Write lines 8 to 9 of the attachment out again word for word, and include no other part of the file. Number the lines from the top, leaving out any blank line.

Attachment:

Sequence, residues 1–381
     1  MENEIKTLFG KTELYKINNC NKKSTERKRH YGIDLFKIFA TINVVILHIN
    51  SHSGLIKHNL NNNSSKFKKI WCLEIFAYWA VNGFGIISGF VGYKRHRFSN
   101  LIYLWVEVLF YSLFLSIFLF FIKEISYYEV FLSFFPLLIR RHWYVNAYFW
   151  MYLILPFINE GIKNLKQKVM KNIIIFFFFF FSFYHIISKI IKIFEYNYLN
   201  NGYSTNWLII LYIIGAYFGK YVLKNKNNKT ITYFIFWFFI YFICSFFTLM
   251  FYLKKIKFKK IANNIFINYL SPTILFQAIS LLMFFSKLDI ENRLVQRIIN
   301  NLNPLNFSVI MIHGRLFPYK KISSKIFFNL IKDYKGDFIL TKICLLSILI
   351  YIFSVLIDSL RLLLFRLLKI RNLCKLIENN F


   301  NLNPLNFSVI MIHGRLFPYK KISSKIFFNL IKDYKGDFIL TKICLLSILI
   351  YIFSVLIDSL RLLLFRLLKI RNLCKLIENN F